“There is neither Greek nor Jew, slave nor free, male nor female, for you are all one in Christ Jesus” (Galatians 3:28).
We came from across the United States and Canada, some 58 pilgrims packing into the Eternal City for the historic beatification of John Paul II. We were all different in terms of our stages in life, our struggles, our nationality and heritage, as well of our occupations and incomes. However, as the beautiful verse from St. Paul’s Letter to the Galatians reminds us, we may come from different backgrounds, but we are all equal in God’s eyes and have one very important fact in common: As with the more than 1.5 million other pilgrims from around the world, we were all similar in our love for the Lord and our love for John Paul.
And, for a variety of reasons, it was important for us to travel halfway around the world to be in Rome on May 1.
I was privileged to serve as a co-host of the pilgrimage sponsored by Ave Maria Radio and Corporate Travel of Dearborn, Mich. Author, speaker and apologist Steve Ray and I lead trips on a regular basis, and many of our colleagues in Catholic evangelization expressed concern for our sanity in leading a group to Rome when millions were expected to fill the streets on top of the millions who live there and the regular tourist crowds for which the Eternal City is famous.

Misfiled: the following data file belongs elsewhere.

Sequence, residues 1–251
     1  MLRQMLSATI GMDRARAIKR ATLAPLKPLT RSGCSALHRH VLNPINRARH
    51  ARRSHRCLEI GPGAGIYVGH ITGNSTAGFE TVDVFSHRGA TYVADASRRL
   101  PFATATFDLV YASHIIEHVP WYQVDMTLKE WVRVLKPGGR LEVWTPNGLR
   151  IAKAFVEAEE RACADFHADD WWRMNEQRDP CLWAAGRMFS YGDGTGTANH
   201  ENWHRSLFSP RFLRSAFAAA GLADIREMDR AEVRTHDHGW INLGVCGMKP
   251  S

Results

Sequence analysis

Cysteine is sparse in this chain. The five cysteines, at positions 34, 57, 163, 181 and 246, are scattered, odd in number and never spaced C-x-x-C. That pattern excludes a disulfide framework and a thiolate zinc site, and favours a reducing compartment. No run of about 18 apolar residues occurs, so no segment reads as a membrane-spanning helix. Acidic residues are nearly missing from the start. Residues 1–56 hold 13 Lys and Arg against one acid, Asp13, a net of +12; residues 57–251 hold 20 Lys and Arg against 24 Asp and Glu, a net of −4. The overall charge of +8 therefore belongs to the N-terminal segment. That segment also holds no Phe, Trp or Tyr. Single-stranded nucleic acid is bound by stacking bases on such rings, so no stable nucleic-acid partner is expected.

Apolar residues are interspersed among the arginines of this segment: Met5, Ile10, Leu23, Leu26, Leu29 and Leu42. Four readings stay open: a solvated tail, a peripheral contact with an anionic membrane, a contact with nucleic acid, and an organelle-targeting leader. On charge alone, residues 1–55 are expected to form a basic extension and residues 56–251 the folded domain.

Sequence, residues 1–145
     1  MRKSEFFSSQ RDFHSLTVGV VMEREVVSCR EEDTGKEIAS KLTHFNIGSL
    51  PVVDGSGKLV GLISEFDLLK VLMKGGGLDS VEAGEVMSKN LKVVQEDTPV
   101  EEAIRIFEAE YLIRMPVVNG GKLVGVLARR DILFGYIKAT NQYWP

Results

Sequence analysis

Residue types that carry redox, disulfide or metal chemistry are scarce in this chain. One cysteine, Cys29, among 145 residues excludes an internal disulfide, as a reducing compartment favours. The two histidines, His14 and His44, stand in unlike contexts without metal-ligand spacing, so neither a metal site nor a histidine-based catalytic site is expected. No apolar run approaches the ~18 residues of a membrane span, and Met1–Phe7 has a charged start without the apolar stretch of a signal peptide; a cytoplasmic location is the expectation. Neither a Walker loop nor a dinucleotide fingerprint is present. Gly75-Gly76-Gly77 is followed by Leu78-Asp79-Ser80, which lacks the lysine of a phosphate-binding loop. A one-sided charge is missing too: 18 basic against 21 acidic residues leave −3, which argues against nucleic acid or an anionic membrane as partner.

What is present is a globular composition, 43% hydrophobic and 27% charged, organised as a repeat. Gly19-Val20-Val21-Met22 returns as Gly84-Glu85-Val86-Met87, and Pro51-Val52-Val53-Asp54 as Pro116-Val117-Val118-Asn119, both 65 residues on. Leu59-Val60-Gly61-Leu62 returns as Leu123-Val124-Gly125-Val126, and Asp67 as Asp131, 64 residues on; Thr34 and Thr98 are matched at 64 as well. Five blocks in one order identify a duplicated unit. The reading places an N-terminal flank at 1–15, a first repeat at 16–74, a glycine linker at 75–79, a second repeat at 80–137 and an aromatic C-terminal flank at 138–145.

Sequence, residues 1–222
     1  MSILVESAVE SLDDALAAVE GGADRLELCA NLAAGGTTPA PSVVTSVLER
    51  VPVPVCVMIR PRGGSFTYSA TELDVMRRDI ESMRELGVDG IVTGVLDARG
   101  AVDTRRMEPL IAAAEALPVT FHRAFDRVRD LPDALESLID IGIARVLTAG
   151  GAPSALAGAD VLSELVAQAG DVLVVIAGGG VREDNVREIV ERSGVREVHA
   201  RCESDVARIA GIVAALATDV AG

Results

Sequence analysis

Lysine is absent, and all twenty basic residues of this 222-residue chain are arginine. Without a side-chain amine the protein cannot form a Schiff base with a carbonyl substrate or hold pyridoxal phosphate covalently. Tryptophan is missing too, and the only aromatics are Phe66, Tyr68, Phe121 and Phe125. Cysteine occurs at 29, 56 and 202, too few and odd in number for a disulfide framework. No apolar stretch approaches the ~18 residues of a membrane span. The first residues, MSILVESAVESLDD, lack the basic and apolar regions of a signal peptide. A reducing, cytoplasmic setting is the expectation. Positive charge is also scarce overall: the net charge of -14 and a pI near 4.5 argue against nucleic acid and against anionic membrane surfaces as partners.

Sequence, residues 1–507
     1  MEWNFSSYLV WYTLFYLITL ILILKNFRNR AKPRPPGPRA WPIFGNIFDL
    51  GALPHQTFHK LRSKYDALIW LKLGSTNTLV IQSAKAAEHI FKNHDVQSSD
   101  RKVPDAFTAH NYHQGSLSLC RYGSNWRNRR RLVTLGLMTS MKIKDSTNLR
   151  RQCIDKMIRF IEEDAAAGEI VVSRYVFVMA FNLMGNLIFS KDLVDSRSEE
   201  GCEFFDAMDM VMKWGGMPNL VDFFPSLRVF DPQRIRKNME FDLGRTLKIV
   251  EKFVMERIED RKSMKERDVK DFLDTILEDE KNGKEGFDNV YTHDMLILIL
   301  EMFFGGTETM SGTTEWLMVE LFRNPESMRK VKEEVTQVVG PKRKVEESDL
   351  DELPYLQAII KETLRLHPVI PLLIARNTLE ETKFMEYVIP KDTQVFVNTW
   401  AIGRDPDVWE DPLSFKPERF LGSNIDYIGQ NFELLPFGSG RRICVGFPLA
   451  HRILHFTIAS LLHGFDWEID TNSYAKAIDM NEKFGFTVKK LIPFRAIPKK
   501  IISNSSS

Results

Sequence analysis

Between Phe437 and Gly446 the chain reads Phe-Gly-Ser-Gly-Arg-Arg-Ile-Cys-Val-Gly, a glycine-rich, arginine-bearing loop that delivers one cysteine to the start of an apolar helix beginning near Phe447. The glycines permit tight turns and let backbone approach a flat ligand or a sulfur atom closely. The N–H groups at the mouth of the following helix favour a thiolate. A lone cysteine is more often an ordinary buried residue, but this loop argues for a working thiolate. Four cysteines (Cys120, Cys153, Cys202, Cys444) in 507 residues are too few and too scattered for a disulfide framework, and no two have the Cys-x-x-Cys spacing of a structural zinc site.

But we took the motto of John Paul II — “Be not afraid” — and headed off to Italy. And what a trip it was.
Since there were no tickets per se for the actual beatification and Mass, we informed our pilgrims they could either wait in long lines overnight to get a spot in St. Peter’s Square on Divine Mercy Sunday or they could join us at one of the locations where the city was providing a live viewing of the event via a news feed shown on large video screens.
Some opted to stay back at the hotel and watch the events unfold on live television. Some decided to go to the nearby Circus Maximus with me to watch the events on the video screens.